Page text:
With just a week until Thanksgiving, it’s time to go over a few rules.
There are some things you will want to keep in mind next Thursday. Let’s get started.
Do: Be honest about your feelings, if politics or religion comes up.
Don’t: Say, “You people are all going to hell.”
Do: Admit that the holiday has a mixed legacy.
Don’t: Presume to speak for all Native Americans.
Do: Note that this month marks the 20th anniversary of “Planes, Trains & Automobiles.”
Don’t: Ask, “Do you feel this vehicle is safe for highway travel?” more than seven or eight times.
Do: Feel free to express your lack of enthusiasm for sitting around and watching football on TV.
Don’t: Make a big deal about the number of commercials for erectile-dysfunction drugs.
Do: Give the vegetarians a hard time.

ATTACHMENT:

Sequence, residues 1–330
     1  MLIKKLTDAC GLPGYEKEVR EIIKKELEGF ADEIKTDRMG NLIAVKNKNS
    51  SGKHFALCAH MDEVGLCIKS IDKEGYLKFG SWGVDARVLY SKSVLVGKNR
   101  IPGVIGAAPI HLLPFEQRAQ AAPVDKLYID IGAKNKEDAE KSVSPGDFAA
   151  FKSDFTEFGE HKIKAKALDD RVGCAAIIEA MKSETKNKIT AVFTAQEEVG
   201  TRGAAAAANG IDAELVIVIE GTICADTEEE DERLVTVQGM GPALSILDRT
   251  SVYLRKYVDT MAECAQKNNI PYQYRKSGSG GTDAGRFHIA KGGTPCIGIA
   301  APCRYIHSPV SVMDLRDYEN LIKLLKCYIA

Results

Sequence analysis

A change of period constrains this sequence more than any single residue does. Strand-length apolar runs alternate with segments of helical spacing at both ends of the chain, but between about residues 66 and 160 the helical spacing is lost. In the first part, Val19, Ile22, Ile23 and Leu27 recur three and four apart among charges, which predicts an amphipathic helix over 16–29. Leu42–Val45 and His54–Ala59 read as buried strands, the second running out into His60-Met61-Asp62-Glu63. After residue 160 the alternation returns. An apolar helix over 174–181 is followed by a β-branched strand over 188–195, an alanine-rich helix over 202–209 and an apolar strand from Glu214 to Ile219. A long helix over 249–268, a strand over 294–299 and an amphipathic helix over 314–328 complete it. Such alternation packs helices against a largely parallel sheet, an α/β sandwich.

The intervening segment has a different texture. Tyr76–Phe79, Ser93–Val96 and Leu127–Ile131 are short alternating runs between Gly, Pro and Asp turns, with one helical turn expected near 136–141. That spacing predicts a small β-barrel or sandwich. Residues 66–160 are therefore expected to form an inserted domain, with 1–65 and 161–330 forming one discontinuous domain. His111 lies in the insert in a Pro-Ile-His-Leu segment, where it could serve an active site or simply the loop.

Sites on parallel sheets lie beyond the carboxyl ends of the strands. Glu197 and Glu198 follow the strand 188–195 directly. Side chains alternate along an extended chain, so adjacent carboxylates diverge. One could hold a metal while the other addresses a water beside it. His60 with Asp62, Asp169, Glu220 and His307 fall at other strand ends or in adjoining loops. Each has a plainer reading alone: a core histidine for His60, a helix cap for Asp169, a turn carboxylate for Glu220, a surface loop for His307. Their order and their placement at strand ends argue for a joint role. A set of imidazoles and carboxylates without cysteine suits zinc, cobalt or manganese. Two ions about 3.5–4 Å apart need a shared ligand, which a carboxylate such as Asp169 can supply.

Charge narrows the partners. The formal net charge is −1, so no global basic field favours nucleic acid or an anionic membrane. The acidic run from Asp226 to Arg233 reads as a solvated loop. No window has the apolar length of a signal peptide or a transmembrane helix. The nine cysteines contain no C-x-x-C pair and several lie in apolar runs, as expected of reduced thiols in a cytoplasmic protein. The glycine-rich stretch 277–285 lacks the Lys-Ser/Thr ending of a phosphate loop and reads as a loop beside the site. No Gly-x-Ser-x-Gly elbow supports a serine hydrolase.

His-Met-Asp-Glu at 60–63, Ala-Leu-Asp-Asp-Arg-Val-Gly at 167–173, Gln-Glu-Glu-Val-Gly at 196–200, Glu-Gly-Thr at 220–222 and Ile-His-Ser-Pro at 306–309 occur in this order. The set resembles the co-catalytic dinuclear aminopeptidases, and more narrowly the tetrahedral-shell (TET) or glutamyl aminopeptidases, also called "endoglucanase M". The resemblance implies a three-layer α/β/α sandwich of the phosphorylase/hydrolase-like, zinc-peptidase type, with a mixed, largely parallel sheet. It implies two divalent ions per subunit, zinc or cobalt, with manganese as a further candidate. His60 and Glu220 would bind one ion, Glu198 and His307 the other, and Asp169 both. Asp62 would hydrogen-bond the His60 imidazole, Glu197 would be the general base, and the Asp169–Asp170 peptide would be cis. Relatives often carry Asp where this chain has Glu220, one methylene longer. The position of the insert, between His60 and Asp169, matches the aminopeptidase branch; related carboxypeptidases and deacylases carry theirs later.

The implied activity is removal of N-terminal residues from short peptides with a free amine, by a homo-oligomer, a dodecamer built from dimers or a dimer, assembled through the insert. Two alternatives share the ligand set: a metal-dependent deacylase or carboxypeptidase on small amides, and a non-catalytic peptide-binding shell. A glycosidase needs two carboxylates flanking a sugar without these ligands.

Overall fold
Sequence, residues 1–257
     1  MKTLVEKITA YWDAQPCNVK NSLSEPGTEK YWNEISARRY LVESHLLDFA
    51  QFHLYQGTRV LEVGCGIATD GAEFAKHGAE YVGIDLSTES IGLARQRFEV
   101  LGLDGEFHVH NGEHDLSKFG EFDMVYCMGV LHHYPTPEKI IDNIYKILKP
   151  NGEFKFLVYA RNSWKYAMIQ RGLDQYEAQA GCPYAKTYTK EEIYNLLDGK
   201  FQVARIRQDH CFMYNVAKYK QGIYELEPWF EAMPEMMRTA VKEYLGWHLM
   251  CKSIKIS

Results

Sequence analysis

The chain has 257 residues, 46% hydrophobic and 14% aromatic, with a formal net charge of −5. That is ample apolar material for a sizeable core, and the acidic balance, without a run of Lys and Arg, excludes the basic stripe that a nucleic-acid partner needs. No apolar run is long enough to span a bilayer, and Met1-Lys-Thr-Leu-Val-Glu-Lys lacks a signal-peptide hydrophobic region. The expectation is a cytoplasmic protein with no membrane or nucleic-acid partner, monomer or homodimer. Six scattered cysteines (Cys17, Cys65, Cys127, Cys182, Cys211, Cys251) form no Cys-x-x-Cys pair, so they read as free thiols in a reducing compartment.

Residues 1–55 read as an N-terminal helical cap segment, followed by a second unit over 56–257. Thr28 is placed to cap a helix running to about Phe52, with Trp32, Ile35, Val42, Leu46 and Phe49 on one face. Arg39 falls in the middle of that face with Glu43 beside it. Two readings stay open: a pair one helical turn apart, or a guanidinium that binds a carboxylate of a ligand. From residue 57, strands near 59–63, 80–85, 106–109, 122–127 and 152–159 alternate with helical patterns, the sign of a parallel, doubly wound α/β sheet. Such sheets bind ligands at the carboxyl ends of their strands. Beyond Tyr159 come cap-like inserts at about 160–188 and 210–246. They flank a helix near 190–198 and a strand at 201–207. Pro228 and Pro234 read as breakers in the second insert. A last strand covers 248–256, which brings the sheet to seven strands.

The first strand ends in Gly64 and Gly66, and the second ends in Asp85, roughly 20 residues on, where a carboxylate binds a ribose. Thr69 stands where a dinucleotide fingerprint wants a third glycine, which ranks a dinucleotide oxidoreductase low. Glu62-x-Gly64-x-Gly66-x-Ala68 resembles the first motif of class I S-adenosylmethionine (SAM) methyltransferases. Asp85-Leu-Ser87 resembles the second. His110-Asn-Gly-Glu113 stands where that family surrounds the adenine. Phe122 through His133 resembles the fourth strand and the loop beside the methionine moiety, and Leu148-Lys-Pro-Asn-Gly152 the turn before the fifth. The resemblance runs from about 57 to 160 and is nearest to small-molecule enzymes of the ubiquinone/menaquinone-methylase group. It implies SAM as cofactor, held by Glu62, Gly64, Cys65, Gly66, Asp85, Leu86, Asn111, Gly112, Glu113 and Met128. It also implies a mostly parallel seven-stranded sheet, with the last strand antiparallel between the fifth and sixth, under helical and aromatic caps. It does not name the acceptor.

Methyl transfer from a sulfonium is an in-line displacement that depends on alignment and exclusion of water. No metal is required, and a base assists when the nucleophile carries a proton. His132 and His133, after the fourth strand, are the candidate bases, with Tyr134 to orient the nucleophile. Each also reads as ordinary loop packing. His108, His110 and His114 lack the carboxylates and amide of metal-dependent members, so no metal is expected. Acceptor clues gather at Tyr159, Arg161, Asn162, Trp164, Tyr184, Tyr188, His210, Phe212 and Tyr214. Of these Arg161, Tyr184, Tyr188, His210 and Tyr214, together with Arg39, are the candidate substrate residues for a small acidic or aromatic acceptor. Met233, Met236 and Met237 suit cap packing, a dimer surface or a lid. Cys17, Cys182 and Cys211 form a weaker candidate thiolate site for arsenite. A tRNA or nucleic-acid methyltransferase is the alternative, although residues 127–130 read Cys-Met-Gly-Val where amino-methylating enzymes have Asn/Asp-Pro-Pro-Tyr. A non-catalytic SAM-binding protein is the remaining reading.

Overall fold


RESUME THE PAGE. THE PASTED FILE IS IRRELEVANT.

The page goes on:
Don’t: Do so unless you know they will enjoy giving it right back to you and that nobody is going to wind up with hurt feelings.
Do: Ask people to identify their favorite Thanksgiving scene in a movie.
Don’t: Forget about “Giant,” “Hannah and Her Sisters,” “Holiday Inn,” “Avalon,” “The Ice Storm,” and “Broadway Danny Rose.”
Do: Bash the unwatchable way the networks present the parades these days.
Don’t: Rant with your mouth full.
Do: Praise the dressing.
Don’t: Tell your salmonella story.
Do: Admit that you are already pretty full as you discuss the pie options.
Don’t: Unbuckle and unzip your pants at the table.
Do: Engage nonfamily guests in conversation.
Don’t: Grill the bejesus out of them.
Do: Tell the same old family stories everyone has heard a million times.
Don’t: Bash people’s exes or rub salt in old wounds.
Do: Turn off your cell phone.
Don’t: Play music despised by more than 50 percent of those gathered.
Do: Give a little thought to how you want to approach saying grace/offering thanks.
Don’t: Try to be the next Oprah.
•Warm-up question: How many Inland Northwesterners get their weather forecasts from Seattle area residents who, in the course of daily phone calls or e-mailing, describe conditions that might well be headed our way?
•Today’s Slice question: In how many Spokane area families can no one of driving age operate a stick shift?
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